Public release of ‘Preservation, Trust and Continuing Access for e-Journals’ DPC Technology Watch Report

Charles Beagrie Ltd and the Digital Preservation Coalition are pleased to announce the public release of Preservation, Trust and Continuing Access for e-Journals, the latest in the Digital Preservation Coalition’s (DPC) series of Technology Watch Reports. Written by Neil Beagrie, and published in association with Charles Beagrie Ltd., this report and associated press release were published yesterday at the DPC’s much anticipated ‘e-Journals Summit’ at the RIBA headquarters at 66 Portland Place, London.

Endorsed by LIBER (The Association for European Research Libraries), the report discusses the critical issues of preservation, trust and continuing access for e-journals, particularly in light of the dynamic and interdependent resources they have become, as well as the ever-growing trend towards open-access.

With extensive experience in this field and a particular reputation for his policy advice on e-journals and the cost/benefits of digital preservation for Jisc and others, Neil tells us that these “issues have become increasingly important for research libraries as published journals and articles have shifted from print to electronic formats; and as traditional publishing business models and relationships have undergone major transformations as a result of that shift.”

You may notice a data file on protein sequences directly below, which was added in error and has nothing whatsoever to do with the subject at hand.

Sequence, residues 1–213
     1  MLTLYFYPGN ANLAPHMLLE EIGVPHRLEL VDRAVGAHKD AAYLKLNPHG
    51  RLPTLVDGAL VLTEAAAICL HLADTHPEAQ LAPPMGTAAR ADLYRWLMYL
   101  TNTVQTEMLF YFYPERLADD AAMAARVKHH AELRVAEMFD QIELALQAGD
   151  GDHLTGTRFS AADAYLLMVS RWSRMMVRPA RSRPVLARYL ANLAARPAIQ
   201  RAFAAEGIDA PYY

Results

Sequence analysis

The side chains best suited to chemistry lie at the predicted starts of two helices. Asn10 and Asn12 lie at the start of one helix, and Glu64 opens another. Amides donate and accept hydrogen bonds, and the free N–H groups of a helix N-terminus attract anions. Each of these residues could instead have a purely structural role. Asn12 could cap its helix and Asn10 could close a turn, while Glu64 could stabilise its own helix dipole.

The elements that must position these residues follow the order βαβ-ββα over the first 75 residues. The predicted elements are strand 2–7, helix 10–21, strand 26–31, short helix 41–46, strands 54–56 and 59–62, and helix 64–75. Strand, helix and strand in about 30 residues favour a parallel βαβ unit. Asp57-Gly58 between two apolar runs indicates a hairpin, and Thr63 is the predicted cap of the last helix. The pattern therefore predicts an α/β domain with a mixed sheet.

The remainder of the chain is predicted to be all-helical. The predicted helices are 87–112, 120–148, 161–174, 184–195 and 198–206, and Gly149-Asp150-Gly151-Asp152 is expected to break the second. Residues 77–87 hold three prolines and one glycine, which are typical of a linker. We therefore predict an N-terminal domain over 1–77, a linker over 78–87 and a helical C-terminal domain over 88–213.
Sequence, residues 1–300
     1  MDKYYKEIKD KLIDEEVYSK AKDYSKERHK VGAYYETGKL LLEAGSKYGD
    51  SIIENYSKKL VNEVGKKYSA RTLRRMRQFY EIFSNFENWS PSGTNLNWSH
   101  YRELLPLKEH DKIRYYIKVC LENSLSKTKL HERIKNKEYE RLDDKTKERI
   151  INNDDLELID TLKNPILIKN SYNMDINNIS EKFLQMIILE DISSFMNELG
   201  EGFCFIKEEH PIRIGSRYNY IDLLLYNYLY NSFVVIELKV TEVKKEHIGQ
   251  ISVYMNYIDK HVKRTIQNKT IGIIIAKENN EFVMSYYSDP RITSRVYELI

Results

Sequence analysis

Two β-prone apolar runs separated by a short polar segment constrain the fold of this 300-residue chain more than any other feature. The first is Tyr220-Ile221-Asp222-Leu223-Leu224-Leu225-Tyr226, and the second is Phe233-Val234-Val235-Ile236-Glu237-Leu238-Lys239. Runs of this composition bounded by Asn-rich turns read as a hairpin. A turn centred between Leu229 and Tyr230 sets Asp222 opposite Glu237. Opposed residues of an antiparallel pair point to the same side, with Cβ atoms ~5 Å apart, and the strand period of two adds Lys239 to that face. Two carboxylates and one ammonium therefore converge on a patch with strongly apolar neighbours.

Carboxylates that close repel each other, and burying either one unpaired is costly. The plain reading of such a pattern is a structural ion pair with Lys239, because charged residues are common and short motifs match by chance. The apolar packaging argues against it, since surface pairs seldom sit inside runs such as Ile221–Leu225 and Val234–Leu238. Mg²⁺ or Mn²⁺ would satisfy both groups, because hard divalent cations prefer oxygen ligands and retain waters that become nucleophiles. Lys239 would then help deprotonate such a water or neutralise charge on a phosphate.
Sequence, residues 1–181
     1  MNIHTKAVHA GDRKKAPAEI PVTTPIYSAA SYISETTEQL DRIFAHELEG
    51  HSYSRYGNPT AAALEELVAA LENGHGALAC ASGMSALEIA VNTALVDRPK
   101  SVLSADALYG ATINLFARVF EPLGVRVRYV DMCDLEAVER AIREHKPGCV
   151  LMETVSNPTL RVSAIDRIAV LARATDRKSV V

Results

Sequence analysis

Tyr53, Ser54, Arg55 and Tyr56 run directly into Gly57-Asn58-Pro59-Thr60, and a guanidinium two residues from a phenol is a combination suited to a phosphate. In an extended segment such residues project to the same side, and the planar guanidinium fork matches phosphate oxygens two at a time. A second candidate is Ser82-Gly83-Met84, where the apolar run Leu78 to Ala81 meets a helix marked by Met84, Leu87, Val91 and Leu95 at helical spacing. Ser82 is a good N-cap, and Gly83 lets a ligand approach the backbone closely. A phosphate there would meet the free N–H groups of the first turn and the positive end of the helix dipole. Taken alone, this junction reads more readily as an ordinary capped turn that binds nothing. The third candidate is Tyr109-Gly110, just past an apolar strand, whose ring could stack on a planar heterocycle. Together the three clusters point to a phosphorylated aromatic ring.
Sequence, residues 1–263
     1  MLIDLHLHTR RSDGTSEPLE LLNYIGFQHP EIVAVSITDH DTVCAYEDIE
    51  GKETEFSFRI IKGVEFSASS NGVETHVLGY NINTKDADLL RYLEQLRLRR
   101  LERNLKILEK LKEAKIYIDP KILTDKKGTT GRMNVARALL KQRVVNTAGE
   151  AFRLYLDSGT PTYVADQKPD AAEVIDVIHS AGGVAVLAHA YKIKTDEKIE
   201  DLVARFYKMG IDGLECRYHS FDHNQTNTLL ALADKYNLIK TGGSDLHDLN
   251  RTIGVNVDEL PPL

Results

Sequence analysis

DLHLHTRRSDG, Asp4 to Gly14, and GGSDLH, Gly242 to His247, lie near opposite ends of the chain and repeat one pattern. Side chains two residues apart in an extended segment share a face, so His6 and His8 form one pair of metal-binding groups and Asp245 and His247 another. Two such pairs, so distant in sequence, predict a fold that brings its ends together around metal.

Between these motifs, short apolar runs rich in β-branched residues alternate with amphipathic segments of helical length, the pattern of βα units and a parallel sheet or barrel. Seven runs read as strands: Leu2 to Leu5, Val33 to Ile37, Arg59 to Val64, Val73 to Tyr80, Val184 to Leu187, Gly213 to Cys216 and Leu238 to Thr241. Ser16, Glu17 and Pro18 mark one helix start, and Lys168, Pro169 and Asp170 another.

With these issues in mind, the report provides a comprehensive review of the latest developments in e-journal preservation, outlining key considerations and an application of best practice standards. The report introduces a range of service providers that now support continuing access and/or preservation of e-journals and how research libraries have increasingly come to trust them.

Neil explains that “for trust to be established between libraries and digital preservation services there needs to be clear agreements for long-term archiving, and clear procedures and mechanisms for those agreements to be implemented and validated when necessary across all elements of the supply chain.”

Matthew Herring from the University of York is sure that the report provides answers to these requirements, calling it “a clear, comprehensive and informative introduction to the area… if I was trying to grapple for the first time with long-term e-journal access, I would find this a very helpful guide.”

Oya Y. Rieger, Associate University Librarian for Digital Scholarship and Preservation Services at Cornell University Library agrees, adding that “due to inherent risks associated with digital media, the initial focus of earlier preservation studies was much more on technology issues. Neil’s comprehensive analysis illuminates the complex and integrated nature of technical, policy, business, and trust issues underlying e-journal preservation.”

While ‘Preservation, Trust and Continuing Access for e-Journals’ predominantly addresses issues felt most keenly by libraries, scholars and publishers, the report also includes generic lessons on outsourcing and trust learnt in this field of interest to the wider digital preservation community. It is not solely focussed on technology, and covers relevant legal, economic and service issues.

You can download a PDF copy and read the report at ‘Preservation, Trust and Continuing Access for e-Journals’ .

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